System-Level and Object-Level Events
Microsoft Active Accessibility uses three classes of WinEvents: system level, object level, and console. Each has one of the following corresponding event constant values:
- Event constants that begin with EVENT_SYSTEM identify system-level events. These events describe situations affecting all applications in the system.
- Event constants that begin with EVENT_OBJECT identify object-level events. These events pertain to situations specific to objects within one application.
- Event constants that begin with EVENT_CONSOLE identify console-level events. These events indicate changes in console windows.
Both the system- and object-level classes of events are generated by the operating system and server applications. The operating system generates system-level and object-level events for the following scenarios:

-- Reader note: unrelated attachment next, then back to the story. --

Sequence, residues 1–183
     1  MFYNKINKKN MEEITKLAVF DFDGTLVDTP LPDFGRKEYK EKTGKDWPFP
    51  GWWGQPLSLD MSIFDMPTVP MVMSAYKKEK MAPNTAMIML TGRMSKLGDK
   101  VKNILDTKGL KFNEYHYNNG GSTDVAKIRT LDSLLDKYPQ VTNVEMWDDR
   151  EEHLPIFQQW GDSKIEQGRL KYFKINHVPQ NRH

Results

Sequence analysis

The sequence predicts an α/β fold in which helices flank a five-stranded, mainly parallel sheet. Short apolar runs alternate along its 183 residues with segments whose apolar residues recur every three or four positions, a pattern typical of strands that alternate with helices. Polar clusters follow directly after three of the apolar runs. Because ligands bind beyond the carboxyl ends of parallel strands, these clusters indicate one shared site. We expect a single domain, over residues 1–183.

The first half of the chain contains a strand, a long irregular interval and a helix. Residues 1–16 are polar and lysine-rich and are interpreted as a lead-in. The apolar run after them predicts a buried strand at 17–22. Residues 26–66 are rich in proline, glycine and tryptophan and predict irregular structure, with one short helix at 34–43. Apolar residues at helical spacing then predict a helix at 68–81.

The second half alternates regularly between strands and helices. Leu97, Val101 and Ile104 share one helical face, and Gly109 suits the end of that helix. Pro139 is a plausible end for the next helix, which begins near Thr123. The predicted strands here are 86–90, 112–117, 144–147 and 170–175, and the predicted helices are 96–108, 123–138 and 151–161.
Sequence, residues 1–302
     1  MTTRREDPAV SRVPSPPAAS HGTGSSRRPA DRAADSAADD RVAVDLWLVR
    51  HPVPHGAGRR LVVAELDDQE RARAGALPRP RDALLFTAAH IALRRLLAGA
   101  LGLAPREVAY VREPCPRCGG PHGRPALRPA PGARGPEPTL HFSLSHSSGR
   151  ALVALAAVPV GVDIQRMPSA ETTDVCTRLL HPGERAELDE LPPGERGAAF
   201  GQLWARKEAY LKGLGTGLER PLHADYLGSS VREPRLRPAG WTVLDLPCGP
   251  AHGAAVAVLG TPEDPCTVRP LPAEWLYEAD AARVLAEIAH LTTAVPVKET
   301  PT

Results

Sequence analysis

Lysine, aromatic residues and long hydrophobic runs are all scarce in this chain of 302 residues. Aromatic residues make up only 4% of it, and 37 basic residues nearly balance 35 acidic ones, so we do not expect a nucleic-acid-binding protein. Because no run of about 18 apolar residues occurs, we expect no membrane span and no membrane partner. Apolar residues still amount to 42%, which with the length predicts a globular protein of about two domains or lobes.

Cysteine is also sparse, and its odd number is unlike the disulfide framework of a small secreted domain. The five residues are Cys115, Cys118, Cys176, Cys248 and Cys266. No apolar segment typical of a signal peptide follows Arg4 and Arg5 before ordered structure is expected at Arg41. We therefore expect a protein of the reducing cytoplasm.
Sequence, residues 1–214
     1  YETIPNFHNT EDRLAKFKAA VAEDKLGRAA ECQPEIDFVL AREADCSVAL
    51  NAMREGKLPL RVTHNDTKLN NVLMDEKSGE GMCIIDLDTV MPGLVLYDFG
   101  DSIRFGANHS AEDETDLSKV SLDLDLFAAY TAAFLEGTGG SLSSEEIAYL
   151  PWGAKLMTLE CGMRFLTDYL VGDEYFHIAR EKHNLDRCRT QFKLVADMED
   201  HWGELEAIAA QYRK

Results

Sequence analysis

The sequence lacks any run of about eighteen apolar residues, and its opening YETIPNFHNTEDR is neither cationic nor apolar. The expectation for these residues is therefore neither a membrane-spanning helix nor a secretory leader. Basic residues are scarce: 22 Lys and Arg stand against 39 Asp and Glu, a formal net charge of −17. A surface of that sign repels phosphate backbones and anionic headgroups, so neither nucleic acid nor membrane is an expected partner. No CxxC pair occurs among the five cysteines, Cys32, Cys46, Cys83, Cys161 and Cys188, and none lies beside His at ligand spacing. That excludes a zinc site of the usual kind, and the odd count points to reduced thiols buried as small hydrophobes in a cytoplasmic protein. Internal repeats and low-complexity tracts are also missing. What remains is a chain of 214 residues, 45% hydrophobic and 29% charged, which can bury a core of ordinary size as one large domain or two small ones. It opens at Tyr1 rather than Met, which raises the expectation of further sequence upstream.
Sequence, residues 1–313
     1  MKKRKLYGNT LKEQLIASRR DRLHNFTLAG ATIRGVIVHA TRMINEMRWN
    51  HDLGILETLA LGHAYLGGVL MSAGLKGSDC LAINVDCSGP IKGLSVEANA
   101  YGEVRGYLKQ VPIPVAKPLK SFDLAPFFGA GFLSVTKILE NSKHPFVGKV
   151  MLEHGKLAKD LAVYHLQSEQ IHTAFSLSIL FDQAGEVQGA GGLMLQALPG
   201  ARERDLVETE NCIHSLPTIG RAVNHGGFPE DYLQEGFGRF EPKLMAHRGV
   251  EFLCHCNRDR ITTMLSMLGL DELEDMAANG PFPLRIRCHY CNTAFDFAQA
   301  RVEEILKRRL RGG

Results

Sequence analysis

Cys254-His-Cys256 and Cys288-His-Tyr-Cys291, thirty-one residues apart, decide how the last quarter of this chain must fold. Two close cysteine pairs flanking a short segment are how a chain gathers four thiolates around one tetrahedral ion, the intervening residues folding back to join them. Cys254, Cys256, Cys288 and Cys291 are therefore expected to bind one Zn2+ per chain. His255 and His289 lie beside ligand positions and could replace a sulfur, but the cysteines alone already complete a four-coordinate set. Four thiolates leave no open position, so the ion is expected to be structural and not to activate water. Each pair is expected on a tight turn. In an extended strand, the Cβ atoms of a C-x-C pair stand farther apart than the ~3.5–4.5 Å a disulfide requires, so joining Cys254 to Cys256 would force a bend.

- System-wide notifications about focus changes
- Activation changes
- Events regarding system-provided objects, such as common controls
Server applications generate system-level events for custom objects that replicate system objects, such as custom menus and scroll bars.
Server applications typically generate object-level events for changes to the accessible objects they contain, such as object creation, destruction, and selection.
Although the system generates object-level events for window objects, servers must also send object-level events for every accessible object contained in a window. For example, if a server application registers an application-defined window class to create a custom control, the system generates object-level events for the window that contains the custom control; the server generates object-level events for the accessible object that provides information about the control.
Servers only generate object-level events for the custom controls for which they implement the IAccessible interface. For more information, see Custom User Interface Elements.